City of Titans is due to give us remarkable freedom over how we chose to play our character: Heroes, Villains, or somewhere in between. This freedom will be represented in the choices we make during the course of the game, but where do those choices come in with regards to the mission creator. Story lines can go in completely different directions depending on the players actions.
Scenario: Character happens upon an armored car that is known to be carrying a MacGuffin, and is currently being attacked.
Option 1: Help the guards -- The attempted thieves are taken to jail and the guards ask you to deliver the MacGuffin. This sets the players up on a series of quests that lead to the big bad that orchestrated the whole thing.
Option 2: Help the thieves. You acquire the MacGuffin and take it to whatever destination they had in mind. This leads to you working for the big bad for a while.
Option 3: Take out everyone and keep the MacGuffin (or sell it yourself). This leads to the big bad sending goons after you. It may lead to an eventual showdown with the big bad.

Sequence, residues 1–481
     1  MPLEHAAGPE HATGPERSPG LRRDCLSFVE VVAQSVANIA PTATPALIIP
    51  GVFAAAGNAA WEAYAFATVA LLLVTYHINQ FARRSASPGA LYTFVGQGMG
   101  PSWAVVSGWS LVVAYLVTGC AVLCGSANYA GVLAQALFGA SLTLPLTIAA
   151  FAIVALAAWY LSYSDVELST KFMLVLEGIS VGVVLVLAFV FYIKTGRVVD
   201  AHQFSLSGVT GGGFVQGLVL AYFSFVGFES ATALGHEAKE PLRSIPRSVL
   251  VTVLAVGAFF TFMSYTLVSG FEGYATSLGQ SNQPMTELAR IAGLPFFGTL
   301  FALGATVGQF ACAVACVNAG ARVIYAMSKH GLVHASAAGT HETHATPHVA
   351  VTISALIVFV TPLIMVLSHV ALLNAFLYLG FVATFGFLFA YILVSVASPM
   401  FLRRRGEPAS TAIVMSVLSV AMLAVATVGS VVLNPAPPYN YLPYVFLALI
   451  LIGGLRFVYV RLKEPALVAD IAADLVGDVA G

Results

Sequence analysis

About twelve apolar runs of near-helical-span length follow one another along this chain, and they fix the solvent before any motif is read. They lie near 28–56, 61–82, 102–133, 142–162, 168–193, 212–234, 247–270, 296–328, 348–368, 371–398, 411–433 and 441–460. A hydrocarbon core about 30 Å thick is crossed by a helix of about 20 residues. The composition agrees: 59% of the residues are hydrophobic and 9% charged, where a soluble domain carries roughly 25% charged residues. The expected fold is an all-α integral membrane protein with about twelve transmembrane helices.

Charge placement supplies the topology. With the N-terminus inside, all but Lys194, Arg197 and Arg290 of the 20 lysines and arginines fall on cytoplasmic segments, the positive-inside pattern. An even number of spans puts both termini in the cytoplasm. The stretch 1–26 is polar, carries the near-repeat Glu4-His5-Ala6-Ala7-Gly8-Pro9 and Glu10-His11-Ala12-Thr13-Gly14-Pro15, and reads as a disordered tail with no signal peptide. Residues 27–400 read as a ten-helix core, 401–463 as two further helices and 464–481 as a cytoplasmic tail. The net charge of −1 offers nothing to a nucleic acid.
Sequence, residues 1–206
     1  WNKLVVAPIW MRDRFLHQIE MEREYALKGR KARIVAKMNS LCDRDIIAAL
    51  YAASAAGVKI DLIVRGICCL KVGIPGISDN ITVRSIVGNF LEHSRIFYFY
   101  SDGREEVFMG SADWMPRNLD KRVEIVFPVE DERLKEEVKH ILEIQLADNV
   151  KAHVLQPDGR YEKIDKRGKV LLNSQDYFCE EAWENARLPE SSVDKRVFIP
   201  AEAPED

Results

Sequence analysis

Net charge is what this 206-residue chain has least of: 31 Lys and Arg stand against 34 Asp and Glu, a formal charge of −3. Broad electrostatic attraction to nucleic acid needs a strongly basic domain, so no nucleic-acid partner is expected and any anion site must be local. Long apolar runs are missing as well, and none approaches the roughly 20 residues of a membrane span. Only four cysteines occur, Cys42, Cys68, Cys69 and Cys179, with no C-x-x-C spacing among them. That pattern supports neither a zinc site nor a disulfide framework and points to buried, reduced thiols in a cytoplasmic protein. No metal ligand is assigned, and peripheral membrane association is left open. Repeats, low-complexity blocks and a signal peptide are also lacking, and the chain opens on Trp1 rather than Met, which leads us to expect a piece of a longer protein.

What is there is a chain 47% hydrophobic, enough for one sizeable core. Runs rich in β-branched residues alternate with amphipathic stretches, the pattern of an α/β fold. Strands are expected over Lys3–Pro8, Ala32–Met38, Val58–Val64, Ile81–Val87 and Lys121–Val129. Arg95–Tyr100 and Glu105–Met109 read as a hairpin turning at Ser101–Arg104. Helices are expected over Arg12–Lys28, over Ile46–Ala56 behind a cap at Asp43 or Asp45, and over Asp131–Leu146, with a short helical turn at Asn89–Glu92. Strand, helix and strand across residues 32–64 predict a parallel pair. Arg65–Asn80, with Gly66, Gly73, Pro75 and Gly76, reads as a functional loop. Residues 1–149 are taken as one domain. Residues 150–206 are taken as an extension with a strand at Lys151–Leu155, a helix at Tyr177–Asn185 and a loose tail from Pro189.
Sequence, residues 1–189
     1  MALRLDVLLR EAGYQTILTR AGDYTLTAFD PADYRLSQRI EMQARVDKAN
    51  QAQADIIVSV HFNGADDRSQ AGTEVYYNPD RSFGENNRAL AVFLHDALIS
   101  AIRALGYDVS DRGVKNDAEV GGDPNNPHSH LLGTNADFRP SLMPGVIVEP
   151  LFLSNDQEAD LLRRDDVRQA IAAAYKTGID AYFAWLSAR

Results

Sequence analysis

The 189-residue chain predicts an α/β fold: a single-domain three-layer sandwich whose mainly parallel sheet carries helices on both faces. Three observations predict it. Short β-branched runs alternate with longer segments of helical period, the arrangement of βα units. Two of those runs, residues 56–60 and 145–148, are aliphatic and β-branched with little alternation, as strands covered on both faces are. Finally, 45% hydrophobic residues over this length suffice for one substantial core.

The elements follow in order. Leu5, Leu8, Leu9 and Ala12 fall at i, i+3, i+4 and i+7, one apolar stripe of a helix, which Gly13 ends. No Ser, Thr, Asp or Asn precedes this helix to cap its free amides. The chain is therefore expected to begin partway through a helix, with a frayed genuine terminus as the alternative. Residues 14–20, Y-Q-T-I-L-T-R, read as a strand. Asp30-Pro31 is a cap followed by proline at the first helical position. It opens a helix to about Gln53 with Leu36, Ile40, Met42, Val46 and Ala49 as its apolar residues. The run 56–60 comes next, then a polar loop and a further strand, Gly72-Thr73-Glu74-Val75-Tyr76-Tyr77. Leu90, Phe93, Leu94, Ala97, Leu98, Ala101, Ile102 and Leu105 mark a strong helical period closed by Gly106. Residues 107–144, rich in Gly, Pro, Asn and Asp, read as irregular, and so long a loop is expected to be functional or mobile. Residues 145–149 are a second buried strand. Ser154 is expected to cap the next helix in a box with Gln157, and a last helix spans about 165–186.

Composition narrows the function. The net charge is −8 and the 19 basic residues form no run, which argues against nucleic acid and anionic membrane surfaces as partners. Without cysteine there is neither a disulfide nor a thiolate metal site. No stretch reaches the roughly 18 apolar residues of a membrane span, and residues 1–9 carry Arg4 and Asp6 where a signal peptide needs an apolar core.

The fact is that most stories have multiple branching points, and the overall story will be vastly different based on the character choices.
The simplest way to create these would be to create multiple missions based on what decisions the character made in a previous mission.
The question becomes, how would you denote which missions in an arc a character has completed and which missions are available now based on those previous choices?
One option is to allow players to create a unique item that will function as a quest key. MacGuffin 1.0 and MacGuffin 1.1 may look the same, but passing them to an NPC to start a mission will lead to two very different missions based on which MacGuffin was used to start the mission. You could, likewise, use the item as a "required item" to start a mission if there is no specific NPC to speak with.
Another option would be to denote in the missions description which mission is the next appropriate mission based on you're actions. This may be the easiest to implement (as it would truly require no additional implementation). This does, however, contain a few flaws. You may end up coming into the middle of missions for which you have no context, or accidentally enter a mission that assumes decisions that your character did not actually make. Not to mention how incredibly immersion breaking it would be to have to pull out a flow chart to see which mission you go to next and the spoilers that may be present in such a chart.